Coffee drinking enthusiasts who have done the research will be well aware already of the calorie content of their favorite beverage. Coffee calories are a hidden piece of nutritional information for most who casually sip a cup or two a day. An influx in the specialty coffee market – much of which was based on drinks with excessive amounts of sugar and fat – has led consumers to a wealth of nutritional information not previously at their disposal. The major coffee chains are being directed towards healthier options due to the changing nature of the coffee drinker and an increased awareness of coffee calories. The caloric content of a coffee drink varies greatly based on the ingredients and the processes through which the beverage is made. Consumers desiring a generic reference for coffee calories in an attempt to drink smarter can keep in mind a few basic principles that can trim the fat and sugar in a drink or, conversely, turn an otherwise harmful coffee into a gut-busting breakfast substitute.
Cream or Skim
One of the main culprits in fat and calorie content in a coffee or specialty coffee is the dairy portion. Due to the drink’s nature to be somewhat bitter in taste, coffee is often mixed with cream and sugar or artificial sweeteners. Using low-fat or non-fat milk is a great way to mellow out a bitter coffee without adding on calories. A tablespoon of skim milk contains only 5 calories, making it the ideal mixer for a healthier coffee. For those wanting something heavier but still watching their calories, fat free half and half – coming in at 10 calories per tablespoon – is a good starting point. Soy milk has only about 6 calories in each tablespoon, and soy creamer will hover around 15 calories for the same amount. Soy is a great option for any coffee drinkers who have trouble with dairy. Drinks mixed with whipped cream are going to be heavier in calories than those with no topping, so consumers can ask for the beverage without whipped cream to lighten the load.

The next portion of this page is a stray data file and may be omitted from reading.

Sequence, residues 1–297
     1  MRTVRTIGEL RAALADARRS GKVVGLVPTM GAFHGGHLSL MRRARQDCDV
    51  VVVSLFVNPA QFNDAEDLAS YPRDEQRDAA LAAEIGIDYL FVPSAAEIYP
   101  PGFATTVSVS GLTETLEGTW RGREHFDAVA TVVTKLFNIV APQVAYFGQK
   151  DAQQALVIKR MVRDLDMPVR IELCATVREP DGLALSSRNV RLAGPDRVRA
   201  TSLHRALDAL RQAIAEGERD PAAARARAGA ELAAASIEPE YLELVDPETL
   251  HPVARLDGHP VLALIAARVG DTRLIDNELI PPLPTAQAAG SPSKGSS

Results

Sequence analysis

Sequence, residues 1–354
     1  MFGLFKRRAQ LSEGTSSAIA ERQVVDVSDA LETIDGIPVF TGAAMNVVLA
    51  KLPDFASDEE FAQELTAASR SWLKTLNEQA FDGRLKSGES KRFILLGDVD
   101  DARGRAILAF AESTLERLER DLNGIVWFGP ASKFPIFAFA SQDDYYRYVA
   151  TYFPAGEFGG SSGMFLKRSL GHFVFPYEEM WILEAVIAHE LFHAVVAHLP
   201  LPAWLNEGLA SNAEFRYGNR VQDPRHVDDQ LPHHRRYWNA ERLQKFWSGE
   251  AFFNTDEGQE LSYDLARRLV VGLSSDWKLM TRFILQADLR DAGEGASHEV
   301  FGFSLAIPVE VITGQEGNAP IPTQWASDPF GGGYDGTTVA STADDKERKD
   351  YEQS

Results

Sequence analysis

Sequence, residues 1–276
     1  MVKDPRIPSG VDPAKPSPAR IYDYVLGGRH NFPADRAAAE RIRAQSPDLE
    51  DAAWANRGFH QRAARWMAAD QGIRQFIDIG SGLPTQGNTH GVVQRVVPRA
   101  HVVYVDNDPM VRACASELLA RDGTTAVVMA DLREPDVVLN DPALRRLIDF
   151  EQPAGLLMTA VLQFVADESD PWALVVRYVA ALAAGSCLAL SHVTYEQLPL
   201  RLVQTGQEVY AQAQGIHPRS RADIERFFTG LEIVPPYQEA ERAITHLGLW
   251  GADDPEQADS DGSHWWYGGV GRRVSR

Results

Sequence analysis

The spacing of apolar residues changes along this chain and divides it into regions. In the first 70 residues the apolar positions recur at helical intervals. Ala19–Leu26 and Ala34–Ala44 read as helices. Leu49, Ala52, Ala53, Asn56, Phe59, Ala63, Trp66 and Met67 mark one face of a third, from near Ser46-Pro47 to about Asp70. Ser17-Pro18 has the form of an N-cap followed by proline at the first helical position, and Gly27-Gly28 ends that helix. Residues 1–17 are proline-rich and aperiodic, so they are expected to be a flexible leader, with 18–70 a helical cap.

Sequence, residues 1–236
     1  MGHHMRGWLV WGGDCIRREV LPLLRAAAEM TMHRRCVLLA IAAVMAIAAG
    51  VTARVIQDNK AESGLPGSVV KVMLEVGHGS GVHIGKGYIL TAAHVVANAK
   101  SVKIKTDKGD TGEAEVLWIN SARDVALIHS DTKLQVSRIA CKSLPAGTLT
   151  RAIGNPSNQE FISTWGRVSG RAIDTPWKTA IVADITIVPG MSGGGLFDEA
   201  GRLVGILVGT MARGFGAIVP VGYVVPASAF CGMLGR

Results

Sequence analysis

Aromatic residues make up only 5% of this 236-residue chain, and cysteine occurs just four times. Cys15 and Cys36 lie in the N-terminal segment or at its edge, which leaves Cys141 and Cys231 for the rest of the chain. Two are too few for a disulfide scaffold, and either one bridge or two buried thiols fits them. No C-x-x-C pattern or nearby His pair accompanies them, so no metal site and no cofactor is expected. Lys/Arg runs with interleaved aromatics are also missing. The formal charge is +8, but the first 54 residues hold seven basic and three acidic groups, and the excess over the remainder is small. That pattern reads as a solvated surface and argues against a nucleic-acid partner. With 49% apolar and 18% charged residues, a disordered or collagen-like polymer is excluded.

Sweeteners and Size
The specialty drinks synonymous with some of the more prominent national coffee shops have been a major contributor to the inflated coffee calorie count burdening consumers. It is not uncommon for one of these specialty drinks – in truth much closer to a milkshake than a coffee – to be mixed with flavored syrup and topped with the aforementioned whipped cream. Skipping the syrup in a specialty drink can cut as much as 200 calories, while requesting a drink with no whipped cream can shave off 120. Basically, for the casual coffee drinker, the things that seem like they would be responsible for a jump in caloric content are usually the main contributors.
Aside from the sugar additives and the fatty dairy toppings, few things are as effective in reducing caloric content as ordering a smaller size. Portion control is necessary to eating and drinking healthily, and coffee drinks are no exception. Reducing the portion size of a coffee order from 16 ounces to 12 ounces can produce similar effects to leaving out the sugary syrup or whipped cream. If the consumer is insistent on the sugar or cream, ordering a smaller size can ease the caloric weight of a beverage.